From gaining a new understanding that Jerusalem is indeed the center of the world to truly living in the midst of dynamic tension, to experiencing a million faithful Muslims making their way to pray to walking The Way of Sorrows, The Via Delarosa, The Stations of the Cross and experiencing this where it really happened was life-changing for me. (The image below is a 16th C map locating Jerusalem as the center of the world.)

 

As I wrote in my blog, "It will take years to fully process everything I have experienced here" and by then I hope to return again to gain an even deeper insight into this mysteriously, hauntingly, faithful place where the three Abrahamic Faiths come together and try to co-exist together. Sometimes well...sometimes not so much. But the important part is that they continually try.

For now that is my biggest learning, to arise every morning, give thanks and venture out into this amazing world trying to do what God has called me and all of us to do! May it be so!

Note: Some are wondering when a presentation will be made about The Holy Land. My guess is that there will be many presentations. There will be a presentation on Tuesday, August 15th at 10 AM with the Pacesetters.

See ya Sunday,
Gary+

All Saints Messenger - June 22, 2017

posted Jun 22, 2017, 11:49 AM by Church Secretary

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The Forward Day by Day Meditation for Thursday, June 22

Luke 21:2-3 [Jesus] also saw a poor widow put in two small copper coins. He said, "Truly I tell you, this poor widow has put in more than all of them.

I sometimes teach Flannery O'Connor's story "A Good Man Is Hard to Find" in my literature classes. The grandmother in the story is racist, classist, and manipulative throughout the story, but at the end her "head clear[s] for an instant," and she sees that she and "the Misfit" character are part of the same human family. Unfortunately, her post-conversion life lasts only a few seconds before "the Misfit" kills her. At its core, the story is about a person who desperately needed to change and did; the quantified time after her change isn't important when compared to the essence of that change.
 
In our gospel story for today, the widow's two small copper coins make a similar point. The widow cannot offset a shortfall of the temple budget, but Jesus applauds the quality of her gift. God is interested in our souls expanding and our hearts becoming softer and more generous. These changes might not fill coffers or give us length of days, but when our souls expand, we experience the profound reality of being created in God's image, and the kingdom of God comes near.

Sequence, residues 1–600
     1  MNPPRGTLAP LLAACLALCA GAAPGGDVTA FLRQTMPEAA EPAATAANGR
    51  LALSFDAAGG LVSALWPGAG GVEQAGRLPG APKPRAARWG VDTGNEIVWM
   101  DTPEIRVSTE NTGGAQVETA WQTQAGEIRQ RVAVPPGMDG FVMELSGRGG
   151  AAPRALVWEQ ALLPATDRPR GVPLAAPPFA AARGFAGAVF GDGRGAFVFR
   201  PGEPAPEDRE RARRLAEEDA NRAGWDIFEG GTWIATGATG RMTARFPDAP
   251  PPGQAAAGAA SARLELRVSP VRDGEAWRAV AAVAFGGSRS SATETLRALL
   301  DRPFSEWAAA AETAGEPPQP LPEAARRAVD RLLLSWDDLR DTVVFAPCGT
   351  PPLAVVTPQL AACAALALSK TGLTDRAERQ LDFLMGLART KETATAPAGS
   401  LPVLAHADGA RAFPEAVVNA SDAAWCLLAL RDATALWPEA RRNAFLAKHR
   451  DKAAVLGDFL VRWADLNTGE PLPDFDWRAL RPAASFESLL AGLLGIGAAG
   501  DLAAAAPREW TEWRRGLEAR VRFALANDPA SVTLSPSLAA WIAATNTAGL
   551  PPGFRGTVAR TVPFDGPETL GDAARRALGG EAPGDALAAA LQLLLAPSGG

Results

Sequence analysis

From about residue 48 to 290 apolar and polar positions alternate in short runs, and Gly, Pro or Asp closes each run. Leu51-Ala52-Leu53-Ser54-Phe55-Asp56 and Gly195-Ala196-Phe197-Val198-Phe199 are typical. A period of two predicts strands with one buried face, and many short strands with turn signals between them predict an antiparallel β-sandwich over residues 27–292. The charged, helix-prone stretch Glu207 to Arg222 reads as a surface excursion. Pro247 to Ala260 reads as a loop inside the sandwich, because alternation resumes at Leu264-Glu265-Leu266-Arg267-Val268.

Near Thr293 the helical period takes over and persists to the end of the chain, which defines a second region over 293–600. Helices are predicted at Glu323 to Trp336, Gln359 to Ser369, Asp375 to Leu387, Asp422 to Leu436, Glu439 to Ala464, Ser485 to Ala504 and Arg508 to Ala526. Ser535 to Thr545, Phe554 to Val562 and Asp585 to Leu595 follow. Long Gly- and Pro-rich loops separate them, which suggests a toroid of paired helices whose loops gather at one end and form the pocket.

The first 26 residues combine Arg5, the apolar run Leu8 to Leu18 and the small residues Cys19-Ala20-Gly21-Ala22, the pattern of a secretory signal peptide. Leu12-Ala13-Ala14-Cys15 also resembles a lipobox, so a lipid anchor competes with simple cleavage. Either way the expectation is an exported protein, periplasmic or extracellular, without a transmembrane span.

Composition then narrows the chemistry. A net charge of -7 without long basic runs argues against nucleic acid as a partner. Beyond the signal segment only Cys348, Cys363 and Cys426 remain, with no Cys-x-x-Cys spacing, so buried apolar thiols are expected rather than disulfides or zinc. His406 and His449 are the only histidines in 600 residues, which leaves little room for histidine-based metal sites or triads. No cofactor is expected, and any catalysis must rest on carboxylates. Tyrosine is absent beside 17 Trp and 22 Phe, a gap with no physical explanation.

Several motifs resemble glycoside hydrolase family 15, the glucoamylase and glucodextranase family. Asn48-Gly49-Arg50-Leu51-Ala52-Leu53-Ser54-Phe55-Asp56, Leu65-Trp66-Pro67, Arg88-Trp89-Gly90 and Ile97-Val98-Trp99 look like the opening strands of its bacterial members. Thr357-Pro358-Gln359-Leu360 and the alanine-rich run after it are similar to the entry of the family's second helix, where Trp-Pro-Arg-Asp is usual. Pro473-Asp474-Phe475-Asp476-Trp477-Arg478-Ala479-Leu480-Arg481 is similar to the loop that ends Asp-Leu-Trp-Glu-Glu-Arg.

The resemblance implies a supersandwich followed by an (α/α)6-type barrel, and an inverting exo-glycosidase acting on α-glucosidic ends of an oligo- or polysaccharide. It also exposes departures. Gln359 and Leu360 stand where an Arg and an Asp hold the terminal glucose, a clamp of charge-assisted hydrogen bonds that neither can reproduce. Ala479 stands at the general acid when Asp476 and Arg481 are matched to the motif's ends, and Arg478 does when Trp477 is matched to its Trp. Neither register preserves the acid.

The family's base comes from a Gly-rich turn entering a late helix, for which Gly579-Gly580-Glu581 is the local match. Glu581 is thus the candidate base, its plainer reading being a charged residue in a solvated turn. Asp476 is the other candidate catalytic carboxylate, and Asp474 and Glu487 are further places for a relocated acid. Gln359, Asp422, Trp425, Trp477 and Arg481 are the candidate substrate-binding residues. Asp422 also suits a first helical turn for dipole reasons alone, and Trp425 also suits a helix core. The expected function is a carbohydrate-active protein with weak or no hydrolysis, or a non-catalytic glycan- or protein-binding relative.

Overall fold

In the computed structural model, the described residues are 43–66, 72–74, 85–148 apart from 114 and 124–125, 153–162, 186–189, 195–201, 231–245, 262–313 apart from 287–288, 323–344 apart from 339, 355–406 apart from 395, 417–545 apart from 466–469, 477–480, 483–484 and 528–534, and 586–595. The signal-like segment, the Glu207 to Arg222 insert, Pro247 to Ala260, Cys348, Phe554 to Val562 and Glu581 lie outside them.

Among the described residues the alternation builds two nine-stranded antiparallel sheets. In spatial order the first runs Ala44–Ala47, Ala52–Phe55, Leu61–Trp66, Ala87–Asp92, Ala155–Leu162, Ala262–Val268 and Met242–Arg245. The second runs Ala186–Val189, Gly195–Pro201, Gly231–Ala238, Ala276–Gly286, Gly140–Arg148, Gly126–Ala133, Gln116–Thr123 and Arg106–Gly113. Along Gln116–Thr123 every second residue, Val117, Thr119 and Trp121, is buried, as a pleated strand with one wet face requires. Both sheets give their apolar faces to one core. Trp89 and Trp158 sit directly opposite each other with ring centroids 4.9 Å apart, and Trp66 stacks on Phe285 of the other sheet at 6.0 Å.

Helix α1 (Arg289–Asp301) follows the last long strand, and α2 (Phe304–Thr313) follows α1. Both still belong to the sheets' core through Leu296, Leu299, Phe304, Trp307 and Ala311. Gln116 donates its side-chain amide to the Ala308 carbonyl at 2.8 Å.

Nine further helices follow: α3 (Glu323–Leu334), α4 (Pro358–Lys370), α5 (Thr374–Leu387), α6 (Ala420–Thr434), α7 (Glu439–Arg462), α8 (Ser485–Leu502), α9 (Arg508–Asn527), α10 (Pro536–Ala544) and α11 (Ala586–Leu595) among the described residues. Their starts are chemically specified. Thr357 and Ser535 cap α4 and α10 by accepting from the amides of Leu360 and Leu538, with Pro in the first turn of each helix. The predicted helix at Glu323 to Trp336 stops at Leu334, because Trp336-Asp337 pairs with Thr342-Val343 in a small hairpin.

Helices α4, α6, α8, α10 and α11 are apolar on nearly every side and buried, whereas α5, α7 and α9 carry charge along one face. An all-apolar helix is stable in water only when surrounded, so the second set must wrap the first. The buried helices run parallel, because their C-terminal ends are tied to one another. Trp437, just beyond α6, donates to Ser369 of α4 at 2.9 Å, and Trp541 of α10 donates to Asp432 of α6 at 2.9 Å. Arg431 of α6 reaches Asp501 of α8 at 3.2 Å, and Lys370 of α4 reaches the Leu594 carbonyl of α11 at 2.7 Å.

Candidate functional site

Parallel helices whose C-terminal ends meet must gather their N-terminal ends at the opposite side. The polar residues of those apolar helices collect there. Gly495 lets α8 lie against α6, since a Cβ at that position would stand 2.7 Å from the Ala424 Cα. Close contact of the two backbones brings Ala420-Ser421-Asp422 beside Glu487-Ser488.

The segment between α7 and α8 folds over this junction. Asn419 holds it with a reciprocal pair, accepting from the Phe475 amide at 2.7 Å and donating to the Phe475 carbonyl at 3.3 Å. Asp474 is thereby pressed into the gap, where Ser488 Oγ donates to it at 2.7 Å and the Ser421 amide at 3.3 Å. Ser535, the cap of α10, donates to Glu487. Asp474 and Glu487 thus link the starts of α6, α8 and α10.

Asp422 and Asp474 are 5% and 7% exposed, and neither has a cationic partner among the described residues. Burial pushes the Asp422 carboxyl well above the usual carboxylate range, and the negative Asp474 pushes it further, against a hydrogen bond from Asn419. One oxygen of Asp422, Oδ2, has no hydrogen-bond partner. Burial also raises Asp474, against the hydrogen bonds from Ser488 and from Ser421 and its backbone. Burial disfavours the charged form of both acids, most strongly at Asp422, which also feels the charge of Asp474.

MOVING FORWARD: How is the dance between quantity and quality going in your life? Are there any adjustments that need to be made?

June 15, 2017

posted Jun 15, 2017, 11:56 AM by Church Secretary

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The Forward Day by Day Meditation for Thursday, June 15

Psalm 71:2 In your righteousness, deliver me and set me free; incline your ear to me and save me.

Some years ago, our new assistant priest, Father Mario, made a hospital visit to a Jamaican woman who was not recovering well from surgery. He paid his visit at night, when things were quiet. Days had passed since this woman's surgery, and she still had no appetite. As they talked about their respective homes-Jamaica for her and Cuba for him-he asked what her family would be bringing her to eat if she were home. She said, "Fresh oranges." He said, "Wait for me. I'll be back."

 
Father Mario drove to a grocery store and purchased six oranges and a knife. Back in her hospital room, he peeled the oranges and described how his grandfather in Cuba taught him to peel oranges without tearing the membrane. Father Mario listened to her-and the woman began to recover. She ate two oranges that night and had a supply for the next day.

When we take the time to listen deeply, being sensitive to what a hurting person is saying or not saying, we may find that we are able to soothe broken bodies and broken hearts. God has given us to each other just for this reason.

MOVING FORWARD: Who has listened to you deeply and helped set you free? Write them a note or give them a call and offer your thanks.